As a nurse, both human and veterinary, I have and always will obey orders and do as I'm told. I've had animal pts that have suffered horribly and the clients (owners) wouldn't "let go" and let us end the suffering. I did everything I could to keep my pt alive, despite my personal feelings. And I always will.

    Here's a couple of quotes I found very interresting on the topic:
    "I am grateful for the advances medical science has made in recent years; neither my wife nor I would be alive today if it were not for them. However, when a person is clearly facing death and has absolutely no hope of recovery, there comes a point where artificial means are no longer prolonging life, but are simply delaying death. I find nothing in scripture that would make us insist on continuing life in such a situation." - Rev Billy Graham

    "No decent human being would allow an animal to suffer. It is only to human beings that human beings are so cruel as to allow them to live on in pain, in hopelessness, in living death, without moving a muscle to help them." - Isaac Asimov

    "Those who come after us will wonder why we kept a human being alive against his own will when we would have been punished by the state if we kept an animal alive under similar conditions." - British Methodist Minister Rev. Leslie Weatherhead
    Last edit by vettech on Jul 4, '03
  8. by   disher
    If you are looking for an ethical explanation/argument in favour of giving narcotic, then you may want to look at the principle of double effect in Beauchamp and Childress Principles of Bioethics. 4th ed.
    Also there was an excellent post on this topic by a poster in nursenet listserv, PM if you cannot locate it.
  9. by   Spidey's mom
    I've found the following organization very helpful in my quest for answers regarding this subject.

    http://www.biotechpolicy.com/Biotech...outTheCouncil/

    Lots of archived articles . ..

    steph
  10. by   Nurse Ratched
    I have never personally been involved in a slow code. I do my best to advocate for my patient who is without hope of long-term survival to make sure they are not put in the position of having to be coded when it's pointless to do so.

    Ideally, we bring these topics out in the open with patient and family prior to the moment of death so that someone's passing can be peaceful, not full of activity designed to tear up a body that has outlived its usefulness.
  11. by   CHATSDALE
    When I First Started Nursing (20 Yr Ago) There Were A Lot Of Slow Step Codes But Now There Are Not Because Families Are Educated To The D N R Facts Of Life And Many People ,myself Included, Would Not Want To 'die Of Suffering' As I Have Seen Many Pts Do. Bottom Line Is The Only Way We Know What The Pt, Or Fly , Want Is For A No Code Vs Do All That Is Necessary Is For Us To Have A Written Order...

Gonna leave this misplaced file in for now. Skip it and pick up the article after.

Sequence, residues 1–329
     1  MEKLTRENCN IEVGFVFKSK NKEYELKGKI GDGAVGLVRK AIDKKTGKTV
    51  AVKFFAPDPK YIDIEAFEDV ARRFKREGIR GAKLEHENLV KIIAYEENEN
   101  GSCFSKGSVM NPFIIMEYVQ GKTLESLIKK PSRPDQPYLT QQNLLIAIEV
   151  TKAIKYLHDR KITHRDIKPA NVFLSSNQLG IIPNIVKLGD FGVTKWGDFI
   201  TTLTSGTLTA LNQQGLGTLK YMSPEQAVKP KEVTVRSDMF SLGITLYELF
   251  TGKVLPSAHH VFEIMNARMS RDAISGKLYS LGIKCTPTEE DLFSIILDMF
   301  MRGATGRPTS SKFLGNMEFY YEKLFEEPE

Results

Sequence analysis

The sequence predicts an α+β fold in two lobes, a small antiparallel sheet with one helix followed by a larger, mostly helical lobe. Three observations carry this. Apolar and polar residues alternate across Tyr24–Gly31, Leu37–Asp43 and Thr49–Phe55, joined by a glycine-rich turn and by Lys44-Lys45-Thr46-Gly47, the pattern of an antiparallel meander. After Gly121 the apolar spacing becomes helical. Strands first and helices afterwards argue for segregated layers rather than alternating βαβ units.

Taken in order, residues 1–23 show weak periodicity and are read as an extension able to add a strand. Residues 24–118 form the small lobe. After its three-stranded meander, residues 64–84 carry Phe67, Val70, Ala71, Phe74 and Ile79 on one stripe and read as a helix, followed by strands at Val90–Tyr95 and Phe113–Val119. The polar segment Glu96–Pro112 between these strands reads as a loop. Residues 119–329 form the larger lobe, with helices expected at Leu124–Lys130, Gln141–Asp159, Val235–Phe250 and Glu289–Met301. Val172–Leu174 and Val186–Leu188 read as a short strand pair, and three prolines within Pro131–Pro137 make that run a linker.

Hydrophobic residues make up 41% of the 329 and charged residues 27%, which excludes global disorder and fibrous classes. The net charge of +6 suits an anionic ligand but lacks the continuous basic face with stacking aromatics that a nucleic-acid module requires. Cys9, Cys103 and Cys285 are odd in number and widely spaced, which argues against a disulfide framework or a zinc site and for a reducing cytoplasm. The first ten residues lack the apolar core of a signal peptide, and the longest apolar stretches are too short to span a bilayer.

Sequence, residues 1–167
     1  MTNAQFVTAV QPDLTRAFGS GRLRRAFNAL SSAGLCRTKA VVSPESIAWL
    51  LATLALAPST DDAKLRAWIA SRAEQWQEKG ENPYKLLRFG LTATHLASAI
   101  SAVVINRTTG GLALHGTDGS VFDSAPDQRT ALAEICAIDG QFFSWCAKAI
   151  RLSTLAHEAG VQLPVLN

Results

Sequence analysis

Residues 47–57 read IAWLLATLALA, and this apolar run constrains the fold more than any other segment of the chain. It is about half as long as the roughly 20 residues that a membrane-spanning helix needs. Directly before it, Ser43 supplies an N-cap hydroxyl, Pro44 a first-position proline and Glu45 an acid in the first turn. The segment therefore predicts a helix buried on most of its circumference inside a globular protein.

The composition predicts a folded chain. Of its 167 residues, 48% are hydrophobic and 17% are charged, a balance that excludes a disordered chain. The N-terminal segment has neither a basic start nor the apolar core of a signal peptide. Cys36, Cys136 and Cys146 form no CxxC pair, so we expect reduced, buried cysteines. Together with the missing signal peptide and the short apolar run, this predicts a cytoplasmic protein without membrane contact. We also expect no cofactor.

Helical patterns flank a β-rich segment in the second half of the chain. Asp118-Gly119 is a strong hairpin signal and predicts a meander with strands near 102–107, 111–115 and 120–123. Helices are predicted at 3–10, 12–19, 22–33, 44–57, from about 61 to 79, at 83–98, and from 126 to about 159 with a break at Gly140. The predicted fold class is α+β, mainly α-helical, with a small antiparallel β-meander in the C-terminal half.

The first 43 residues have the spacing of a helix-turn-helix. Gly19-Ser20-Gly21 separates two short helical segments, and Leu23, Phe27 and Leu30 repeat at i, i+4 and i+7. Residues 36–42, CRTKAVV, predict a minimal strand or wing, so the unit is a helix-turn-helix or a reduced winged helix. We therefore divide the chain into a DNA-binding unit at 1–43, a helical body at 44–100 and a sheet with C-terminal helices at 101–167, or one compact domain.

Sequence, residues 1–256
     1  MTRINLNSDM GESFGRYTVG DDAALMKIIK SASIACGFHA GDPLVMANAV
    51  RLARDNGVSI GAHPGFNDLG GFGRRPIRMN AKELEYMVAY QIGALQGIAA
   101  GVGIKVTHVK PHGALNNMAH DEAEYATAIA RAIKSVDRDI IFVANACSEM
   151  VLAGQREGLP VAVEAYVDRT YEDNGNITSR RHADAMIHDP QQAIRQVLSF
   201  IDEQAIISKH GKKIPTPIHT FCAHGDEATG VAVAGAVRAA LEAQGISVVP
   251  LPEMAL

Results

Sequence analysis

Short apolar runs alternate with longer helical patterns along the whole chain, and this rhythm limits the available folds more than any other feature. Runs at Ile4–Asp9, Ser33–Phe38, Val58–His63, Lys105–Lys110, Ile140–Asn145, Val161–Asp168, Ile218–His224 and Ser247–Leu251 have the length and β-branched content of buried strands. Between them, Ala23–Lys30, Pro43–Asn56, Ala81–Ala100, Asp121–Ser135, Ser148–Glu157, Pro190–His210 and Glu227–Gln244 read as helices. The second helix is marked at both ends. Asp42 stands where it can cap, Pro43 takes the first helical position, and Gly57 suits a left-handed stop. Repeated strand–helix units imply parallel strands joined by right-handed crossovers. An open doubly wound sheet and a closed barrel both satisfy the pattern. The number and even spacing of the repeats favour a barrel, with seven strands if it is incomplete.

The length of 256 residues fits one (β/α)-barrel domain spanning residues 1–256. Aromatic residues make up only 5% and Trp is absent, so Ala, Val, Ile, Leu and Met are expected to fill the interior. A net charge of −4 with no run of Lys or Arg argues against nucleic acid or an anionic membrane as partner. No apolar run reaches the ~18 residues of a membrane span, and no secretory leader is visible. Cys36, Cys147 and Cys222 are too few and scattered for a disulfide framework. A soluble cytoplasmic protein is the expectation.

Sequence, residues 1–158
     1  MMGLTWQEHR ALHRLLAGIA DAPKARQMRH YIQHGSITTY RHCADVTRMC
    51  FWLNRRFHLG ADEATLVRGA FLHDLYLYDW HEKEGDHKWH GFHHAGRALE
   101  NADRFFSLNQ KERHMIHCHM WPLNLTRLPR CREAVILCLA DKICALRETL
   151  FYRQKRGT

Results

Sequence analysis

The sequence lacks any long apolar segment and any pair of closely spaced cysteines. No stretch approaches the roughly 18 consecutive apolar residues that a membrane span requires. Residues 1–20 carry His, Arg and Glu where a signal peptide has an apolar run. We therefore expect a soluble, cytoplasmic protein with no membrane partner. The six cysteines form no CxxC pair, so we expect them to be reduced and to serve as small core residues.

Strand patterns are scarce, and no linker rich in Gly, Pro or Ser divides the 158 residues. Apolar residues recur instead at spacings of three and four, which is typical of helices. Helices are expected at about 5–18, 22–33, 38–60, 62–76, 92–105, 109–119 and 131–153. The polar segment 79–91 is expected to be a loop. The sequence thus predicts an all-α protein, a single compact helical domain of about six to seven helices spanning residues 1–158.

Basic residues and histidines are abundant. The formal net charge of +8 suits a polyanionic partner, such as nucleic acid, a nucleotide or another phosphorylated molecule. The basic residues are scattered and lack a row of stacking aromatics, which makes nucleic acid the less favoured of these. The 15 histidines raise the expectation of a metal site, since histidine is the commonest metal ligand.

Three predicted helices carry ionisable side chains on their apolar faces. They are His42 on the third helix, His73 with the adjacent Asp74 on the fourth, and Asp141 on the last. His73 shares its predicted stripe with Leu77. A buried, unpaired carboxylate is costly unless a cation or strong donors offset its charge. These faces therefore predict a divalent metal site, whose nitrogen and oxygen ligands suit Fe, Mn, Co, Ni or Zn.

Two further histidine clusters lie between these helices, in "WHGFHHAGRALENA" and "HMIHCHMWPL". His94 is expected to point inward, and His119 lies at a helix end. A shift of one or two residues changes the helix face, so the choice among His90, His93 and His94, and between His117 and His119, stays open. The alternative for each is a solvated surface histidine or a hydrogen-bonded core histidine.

12. by   pghfoxfan
    I think that many people treat their dying animals with more dignity than a family member. We don't let dogs suffer, why should we let a loved one?
    The bottom line is the vast majority of people do NOT want to live to be a burden to their families. They DO NOT want to be kept alive on ventilators and tube feedings when there is no hope for a meaningful recovery.
  13. by   moia
    I don't believe in slow codes...if anyone suggests it it means no code to me and that means someone needs to get a DNR or here in canada we have the right to deny treatment that has no purpose except to prolong death...we have absolutely no obligation to perform a code even if a patients family wants it...if the only thing a code is going to do is prolong death we dont do it...so nope to slow codes.

    I also don't believe in the too much pain drugs killed them theory...its myth and bs and anyone who has any pain education already knows it.....this ridiculous belief that pain medication will stop them breathing comes from uneducated people more concerned with how it "looks" than how the patient feels.
    We are all so brainwashed about the evil of drugs we are scared to give them....

    They stopped breathing because they died...the drugs didn't kill them...the disease process did.


    we don't euthanize...we let people die...our only interventions are to try to make that process as pain free as possible.